Antivirus companies have defended themselves against accusations that the fragmented naming system for viruses causes confusion among computer users, and may leave them exposed to danger.
The charges were made in a report published by email services company MessageLabs, which claims that the recent release of three different strains of the Yaha virus in the space of 11 days, causing havoc with the naming conventions used by the antivirus industry. Although the three versions had names ranging from Yaha.J to Yaha.M, antivirus companies could not agree on which name went with which version of the virus.
"When the antivirus vendors brought their initial virus signatures out for Yaha.J, not all products were able to detect all three variants. Some could detect one, others two; and a few, all three," read the report. "This causes problems for end users, who check their vendor Web site to make sure they are protected against Yaha.J, but find it sailing through their defences."
All antivirus companies contacted by ZDNet Australia disagreed that this was a problem for the industry.
"Broadly [virus names] are the same but over a period of time they align," said David Banes, regional manager for Symantec Security Response, Asia Pacific. "Often there is plain disagreement over what something will be called, and one vendor will stick to a different thing. Or we'll think that it's not a variant, then learn that it is, or think something is new and then later realise it's a variant."
However, the confusion over names was not seen by any antivirus company to hinder protection. "If the user is up-to-date and protected, would it really matter if one vendor calls it variant X and another labels it variant Z?" said Central Command product manager Steven Sundermeier. "The only important issue is if it got stopped."
Sundermeier admitted that, like all antivirus companies, the Central Command support department often had to respond to queries over viruses that had been named differently by a competitor, but was unconcerned. "In my opinion, its the users that are not subscribed to various newsletters, that do not have multiple [antivirus] sites bookmarked and are not staying on top of things, asking about differences in virus naming, etc., that are usually not up-to-date and who cause our support teams the biggest headaches."
This sentiment is echoed by Steinar Wigtil, R&D manager for Norman ASA, who claimed that users did not need to know the name of a virus. "When you buy antivirus software, you also buy the expertise of the antivirus company, which has a sizeable staff of experts to do this job for you," he said.
"Any virus defence that presupposes defensive action by the user from case to case, is totally inadequate and irresponsible in today's virus scene," said Wigtil. "Any modern antivirus software must update itself automatically, with no user intervention what-so-ever."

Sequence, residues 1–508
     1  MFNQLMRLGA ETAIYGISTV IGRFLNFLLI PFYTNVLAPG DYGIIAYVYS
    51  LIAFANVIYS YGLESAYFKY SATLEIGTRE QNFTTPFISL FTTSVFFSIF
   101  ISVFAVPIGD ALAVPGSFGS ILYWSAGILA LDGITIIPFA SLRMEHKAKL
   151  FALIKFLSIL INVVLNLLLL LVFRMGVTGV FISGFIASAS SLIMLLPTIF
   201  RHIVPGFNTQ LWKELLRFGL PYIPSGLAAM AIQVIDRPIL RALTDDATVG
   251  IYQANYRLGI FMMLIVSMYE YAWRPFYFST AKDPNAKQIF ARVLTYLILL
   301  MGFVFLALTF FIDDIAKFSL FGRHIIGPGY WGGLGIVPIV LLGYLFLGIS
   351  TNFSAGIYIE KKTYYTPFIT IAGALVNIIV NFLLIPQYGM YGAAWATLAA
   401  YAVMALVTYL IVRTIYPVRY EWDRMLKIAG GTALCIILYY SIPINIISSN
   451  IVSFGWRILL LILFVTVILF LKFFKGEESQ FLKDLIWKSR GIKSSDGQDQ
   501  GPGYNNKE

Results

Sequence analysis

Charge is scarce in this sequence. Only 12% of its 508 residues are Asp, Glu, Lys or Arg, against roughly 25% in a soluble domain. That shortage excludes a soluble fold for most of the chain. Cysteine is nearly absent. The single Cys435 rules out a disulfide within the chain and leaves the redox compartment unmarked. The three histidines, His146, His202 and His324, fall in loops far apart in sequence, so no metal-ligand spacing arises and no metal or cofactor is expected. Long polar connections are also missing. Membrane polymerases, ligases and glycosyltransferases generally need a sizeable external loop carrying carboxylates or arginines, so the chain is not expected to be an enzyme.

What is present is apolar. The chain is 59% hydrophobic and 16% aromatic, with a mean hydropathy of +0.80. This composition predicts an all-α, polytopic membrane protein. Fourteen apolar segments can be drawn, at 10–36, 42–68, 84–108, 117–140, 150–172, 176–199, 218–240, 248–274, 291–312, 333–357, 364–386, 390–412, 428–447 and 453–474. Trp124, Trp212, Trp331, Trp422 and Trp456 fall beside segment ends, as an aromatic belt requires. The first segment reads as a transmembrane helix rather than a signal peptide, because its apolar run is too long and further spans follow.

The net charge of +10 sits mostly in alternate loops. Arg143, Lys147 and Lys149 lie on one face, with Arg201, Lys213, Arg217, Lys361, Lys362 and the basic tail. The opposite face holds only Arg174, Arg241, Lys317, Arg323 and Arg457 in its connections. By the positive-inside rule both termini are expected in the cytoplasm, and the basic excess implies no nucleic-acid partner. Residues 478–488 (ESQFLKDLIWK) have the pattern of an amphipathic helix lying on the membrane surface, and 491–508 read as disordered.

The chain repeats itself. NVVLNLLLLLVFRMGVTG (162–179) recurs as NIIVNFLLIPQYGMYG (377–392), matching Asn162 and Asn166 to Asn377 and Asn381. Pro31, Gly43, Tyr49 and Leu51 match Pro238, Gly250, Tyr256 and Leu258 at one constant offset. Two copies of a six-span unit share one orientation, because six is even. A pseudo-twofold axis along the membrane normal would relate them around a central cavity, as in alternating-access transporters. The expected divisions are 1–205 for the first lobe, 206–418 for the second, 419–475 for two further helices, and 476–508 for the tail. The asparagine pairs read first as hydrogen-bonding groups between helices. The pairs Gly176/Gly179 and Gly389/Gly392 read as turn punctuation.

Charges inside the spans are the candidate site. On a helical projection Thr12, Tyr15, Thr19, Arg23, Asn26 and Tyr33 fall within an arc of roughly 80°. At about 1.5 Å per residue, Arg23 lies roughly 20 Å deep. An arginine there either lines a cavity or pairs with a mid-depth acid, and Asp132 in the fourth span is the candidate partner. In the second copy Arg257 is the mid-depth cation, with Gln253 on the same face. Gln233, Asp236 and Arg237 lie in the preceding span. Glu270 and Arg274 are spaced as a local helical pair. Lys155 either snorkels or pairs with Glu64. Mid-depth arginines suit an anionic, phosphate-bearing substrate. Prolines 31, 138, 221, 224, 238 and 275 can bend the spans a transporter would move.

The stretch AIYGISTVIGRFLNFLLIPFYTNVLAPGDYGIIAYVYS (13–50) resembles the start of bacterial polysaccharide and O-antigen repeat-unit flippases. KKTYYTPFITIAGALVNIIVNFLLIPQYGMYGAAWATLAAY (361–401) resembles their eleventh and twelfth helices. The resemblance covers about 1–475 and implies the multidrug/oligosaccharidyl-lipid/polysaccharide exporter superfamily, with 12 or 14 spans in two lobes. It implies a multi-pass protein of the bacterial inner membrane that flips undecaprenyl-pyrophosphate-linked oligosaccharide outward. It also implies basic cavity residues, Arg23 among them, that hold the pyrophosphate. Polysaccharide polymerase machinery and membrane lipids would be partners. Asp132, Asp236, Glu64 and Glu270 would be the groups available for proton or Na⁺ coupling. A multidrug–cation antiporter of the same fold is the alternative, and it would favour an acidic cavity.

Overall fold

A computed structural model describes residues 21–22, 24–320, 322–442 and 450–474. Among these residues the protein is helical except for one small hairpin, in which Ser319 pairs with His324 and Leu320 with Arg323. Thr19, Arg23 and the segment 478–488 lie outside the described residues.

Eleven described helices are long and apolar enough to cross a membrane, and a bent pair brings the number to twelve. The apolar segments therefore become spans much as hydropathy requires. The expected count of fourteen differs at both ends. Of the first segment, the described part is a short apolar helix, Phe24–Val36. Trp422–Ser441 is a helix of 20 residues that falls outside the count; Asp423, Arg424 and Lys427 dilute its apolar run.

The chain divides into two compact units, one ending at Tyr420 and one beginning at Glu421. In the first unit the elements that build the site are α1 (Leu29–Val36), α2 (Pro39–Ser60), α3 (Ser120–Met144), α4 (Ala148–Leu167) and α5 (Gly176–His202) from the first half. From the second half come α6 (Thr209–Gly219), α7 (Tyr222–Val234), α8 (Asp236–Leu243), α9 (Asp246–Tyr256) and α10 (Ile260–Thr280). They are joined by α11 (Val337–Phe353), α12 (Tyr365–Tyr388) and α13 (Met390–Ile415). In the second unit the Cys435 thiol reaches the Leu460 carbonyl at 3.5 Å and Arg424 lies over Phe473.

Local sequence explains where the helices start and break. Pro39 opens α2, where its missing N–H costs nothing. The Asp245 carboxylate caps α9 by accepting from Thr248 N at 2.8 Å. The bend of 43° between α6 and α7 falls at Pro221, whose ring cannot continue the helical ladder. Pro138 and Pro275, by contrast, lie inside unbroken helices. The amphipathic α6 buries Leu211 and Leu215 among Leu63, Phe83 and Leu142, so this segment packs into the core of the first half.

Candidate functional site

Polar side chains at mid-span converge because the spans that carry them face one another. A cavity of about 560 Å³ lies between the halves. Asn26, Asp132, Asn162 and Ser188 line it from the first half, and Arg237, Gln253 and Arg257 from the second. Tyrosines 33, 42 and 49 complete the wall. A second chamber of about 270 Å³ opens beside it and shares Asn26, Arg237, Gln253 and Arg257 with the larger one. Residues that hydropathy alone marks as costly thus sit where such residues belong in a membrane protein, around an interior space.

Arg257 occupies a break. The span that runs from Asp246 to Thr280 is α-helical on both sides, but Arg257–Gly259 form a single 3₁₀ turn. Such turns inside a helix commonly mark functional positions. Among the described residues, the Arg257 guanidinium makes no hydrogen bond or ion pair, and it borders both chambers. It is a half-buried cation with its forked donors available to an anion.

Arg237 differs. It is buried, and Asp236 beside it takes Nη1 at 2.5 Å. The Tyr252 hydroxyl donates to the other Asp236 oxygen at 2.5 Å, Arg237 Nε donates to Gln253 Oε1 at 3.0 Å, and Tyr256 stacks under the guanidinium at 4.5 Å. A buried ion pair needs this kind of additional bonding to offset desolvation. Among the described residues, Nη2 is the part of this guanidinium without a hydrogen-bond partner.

Most antivirus vendors support the Computer Antivirus Research Organisation (CARO) naming convention. Despite this, it can sometimes take weeks to standardise on a name, according to Banes.
"In the early days you'd get one sample and it would spread so slowly that everyone would have a copy before it was an issue," said Banes. "Now it spreads so quickly the vendors are not going to wait until there is a name, they want to get it out as soon as possible."
Banes said a lot of people in the industry are discussing the naming of viruses at the moment, such as the Association of antivirus Asia Researchers (AVAR), which will hold its annual meeting in Australia early next year.
"What we're trying to do is come up with a naming convention to do two things which contradict each other," said Banes. "We want the names to be descriptive and easy to understand."
Although most antivirus companies support a system to standardise virus names in principle, none of them expect to see any advancement in this area anytime soon.
"Naming criteria has been improved and that evolution can be seen today," said Luis Corrons, lab director for Panda Software. "We believe (and hope) that it will come close to standard, but it is too difficult to find "the standard" nowadays. In one hand viruses reach different countries at the same time and the solutions need to be out at once, so there is not much time to spend to name the virus."
"On the other hand, the IT industry has opened certain communication channels that allow them to gather information rather quickly and agree on a name in certain cases," he added.
Sundermeier said the difference in detection abilities and corporate policies of various companies meant that it would take a considerable time to agree on the surrounding issues, and would not be likely to happen in the near future.
Others pointed out a standardised naming system still wouldn't avoid the problems created when several variants of a virus are released close together.
"Even if an independent body to name viruses is formed, we will not avoid the naming chaos we got for Yaha in the last two weeks of December 2002, when at least ten new variants were released simultaneously or within a very short time span," said Wigtil. "For the antivirus industry, detection will always come before naming issues."